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Unread 11-26-2012, 10:21 AM   #4
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Join Date: Mar 2008
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Excellent post EB (as usual)

The only thing he didn't mention is the fabric being sewn, this too can contribute or combine with other factors in a tight or loose stitch. The looser the weave, the longer your stitches need to be to grab enough fibers to hold the two pieces together. The back stitch Char recommended is especially valuable in these cases. Felt isn't woven, so too tight a stitch can actually tear through the fibers quite easily.
If you want to post pictures we can help you evaluate them

NOTE: not all threads degrade at the same rate, it depends on it's fiber content, how it was made, and how it was stored. Test each questionable one by cutting off a 12" section then wrapping the ends around your fingers like you are going to floss, pull it gently first, then taut with a snap, to see if it breaks. If the gentle pressure breaks it, it's trash. If gentle pressure is ok but the snap breaks it, it's really only suitable for decorative uses (embroidery or top stitching).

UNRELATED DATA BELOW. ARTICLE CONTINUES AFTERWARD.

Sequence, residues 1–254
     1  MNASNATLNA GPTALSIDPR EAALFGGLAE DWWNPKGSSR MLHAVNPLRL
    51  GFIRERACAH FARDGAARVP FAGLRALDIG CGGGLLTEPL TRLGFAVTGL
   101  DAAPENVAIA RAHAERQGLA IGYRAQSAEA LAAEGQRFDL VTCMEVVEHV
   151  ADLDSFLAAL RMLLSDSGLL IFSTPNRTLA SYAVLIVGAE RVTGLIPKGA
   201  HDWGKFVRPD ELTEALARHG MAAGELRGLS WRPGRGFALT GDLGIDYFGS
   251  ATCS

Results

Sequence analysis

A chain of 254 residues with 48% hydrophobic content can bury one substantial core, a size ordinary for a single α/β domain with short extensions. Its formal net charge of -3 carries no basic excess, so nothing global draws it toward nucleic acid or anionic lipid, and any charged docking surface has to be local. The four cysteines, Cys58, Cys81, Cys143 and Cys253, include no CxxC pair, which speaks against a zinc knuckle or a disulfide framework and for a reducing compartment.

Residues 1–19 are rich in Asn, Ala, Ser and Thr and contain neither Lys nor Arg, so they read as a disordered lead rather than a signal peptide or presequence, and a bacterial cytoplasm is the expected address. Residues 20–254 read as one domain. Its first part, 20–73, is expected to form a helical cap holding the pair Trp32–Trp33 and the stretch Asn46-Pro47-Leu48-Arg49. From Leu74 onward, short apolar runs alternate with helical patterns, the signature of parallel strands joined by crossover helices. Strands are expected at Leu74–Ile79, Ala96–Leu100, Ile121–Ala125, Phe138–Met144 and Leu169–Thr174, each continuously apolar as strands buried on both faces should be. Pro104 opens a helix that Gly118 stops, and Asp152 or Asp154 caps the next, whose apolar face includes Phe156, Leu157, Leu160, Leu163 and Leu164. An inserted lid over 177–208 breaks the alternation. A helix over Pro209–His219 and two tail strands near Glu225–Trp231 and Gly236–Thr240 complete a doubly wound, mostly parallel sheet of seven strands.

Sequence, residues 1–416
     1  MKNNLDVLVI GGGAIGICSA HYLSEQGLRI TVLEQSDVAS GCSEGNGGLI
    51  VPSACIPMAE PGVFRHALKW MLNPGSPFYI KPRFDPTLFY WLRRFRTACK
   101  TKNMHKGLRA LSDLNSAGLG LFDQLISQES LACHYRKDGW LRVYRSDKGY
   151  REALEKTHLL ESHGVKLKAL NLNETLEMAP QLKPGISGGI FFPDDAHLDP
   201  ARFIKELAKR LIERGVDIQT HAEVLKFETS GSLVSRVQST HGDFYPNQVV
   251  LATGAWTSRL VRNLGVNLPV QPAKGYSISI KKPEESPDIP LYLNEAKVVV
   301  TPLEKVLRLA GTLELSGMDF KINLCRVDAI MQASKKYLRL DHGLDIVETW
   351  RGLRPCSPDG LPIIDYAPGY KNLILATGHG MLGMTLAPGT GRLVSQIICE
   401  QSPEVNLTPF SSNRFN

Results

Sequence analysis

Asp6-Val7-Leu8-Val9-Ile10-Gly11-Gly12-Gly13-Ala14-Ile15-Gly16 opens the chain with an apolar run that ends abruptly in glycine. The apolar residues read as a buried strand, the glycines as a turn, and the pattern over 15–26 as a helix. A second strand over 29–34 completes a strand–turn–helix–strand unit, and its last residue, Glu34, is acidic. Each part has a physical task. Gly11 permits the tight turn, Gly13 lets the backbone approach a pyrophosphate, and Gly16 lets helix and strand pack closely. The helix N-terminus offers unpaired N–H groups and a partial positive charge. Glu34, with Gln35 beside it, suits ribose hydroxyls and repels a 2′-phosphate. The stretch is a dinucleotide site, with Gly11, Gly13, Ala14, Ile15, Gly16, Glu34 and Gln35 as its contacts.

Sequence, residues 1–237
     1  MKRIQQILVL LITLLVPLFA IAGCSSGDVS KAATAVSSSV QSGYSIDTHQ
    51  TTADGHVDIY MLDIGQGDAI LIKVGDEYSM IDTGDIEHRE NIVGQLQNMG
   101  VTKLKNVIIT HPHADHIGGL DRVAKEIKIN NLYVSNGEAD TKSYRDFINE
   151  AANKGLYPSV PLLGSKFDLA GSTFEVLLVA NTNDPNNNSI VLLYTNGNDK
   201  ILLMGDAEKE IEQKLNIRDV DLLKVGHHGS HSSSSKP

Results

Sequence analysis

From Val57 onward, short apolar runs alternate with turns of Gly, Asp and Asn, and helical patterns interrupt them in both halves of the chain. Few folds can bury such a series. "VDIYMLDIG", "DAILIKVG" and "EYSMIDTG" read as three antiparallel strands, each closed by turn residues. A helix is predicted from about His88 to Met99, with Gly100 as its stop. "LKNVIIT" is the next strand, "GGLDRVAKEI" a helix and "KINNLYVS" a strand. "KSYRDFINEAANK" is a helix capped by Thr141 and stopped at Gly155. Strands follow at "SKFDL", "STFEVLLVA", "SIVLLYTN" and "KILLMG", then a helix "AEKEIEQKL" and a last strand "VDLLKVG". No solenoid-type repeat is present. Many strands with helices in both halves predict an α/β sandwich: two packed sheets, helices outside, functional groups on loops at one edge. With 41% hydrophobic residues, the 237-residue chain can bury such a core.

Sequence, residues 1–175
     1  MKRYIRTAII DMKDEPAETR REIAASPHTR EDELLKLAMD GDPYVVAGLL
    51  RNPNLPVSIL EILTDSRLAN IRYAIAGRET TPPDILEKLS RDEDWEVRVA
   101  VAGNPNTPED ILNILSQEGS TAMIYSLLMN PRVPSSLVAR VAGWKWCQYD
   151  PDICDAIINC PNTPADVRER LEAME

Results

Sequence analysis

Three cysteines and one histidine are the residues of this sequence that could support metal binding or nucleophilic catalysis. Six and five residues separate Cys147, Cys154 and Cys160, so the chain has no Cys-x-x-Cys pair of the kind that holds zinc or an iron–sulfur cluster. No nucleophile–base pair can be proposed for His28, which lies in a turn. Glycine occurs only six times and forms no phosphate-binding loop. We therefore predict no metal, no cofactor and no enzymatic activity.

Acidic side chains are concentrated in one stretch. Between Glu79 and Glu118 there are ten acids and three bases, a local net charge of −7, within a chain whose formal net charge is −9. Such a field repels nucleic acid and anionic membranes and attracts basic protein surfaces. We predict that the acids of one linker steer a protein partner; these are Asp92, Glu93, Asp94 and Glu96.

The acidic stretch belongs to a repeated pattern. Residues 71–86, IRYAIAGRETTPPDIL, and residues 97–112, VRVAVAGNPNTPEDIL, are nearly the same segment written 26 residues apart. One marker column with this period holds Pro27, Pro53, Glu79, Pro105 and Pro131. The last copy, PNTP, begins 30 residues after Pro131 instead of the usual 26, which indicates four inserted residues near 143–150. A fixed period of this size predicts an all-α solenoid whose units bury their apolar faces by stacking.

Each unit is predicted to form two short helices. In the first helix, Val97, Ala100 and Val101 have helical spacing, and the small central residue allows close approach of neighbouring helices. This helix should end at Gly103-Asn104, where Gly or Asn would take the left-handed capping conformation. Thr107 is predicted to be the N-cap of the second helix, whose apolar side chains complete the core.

I threw away the Walmart thread after the first time I used it, it's awful stuff. I've thrown away thread spools from the 80's that degraded, but still have some nylon/ cotton blend button thread from the 50's that I could put my full body weight on because it's that tough.
Nothing is impossible, but some things are very expensive. Instagram: penlowe
My Etsy shop: I make non-fitted custom things to ship within the continental US. I only do fitted garments for those whom I can meet in person.
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